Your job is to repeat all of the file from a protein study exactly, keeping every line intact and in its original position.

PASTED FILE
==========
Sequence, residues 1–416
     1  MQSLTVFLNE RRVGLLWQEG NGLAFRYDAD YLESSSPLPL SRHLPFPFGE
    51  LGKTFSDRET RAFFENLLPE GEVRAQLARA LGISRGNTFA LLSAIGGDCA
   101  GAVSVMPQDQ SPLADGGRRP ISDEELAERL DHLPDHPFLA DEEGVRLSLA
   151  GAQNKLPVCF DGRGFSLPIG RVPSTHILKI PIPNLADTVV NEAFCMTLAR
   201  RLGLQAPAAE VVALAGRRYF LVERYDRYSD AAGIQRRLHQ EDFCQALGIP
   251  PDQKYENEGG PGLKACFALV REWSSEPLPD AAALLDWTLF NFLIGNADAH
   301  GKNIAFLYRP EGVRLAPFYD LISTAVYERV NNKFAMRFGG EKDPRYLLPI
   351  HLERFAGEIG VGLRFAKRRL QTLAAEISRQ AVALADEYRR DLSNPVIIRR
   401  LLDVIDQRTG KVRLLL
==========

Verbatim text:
Sequence, residues 1–416
     1  MQSLTVFLNE RRVGLLWQEG NGLAFRYDAD YLESSSPLPL SRHLPFPFGE
    51  LGKTFSDRET RAFFENLLPE GEVRAQLARA LGISRGNTFA LLSAIGGDCA
   101  GAVSVMPQDQ SPLADGGRRP ISDEELAERL DHLPDHPFLA DEEGVRLSLA
   151  GAQNKLPVCF DGRGFSLPIG RVPSTHILKI PIPNLADTVV NEAFCMTLAR
   201  RLGLQAPAAE VVALAGRRYF LVERYDRYSD AAGIQRRLHQ EDFCQALGIP
   251  PDQKYENEGG PGLKACFALV REWSSEPLPD AAALLDWTLF NFLIGNADAH
   301  GKNIAFLYRP EGVRLAPFYD LISTAVYERV NNKFAMRFGG EKDPRYLLPI
   351  HLERFAGEIG VGLRFAKRRL QTLAAEISRQ AVALADEYRR DLSNPVIIRR
   401  LLDVIDQRTG KVRLLL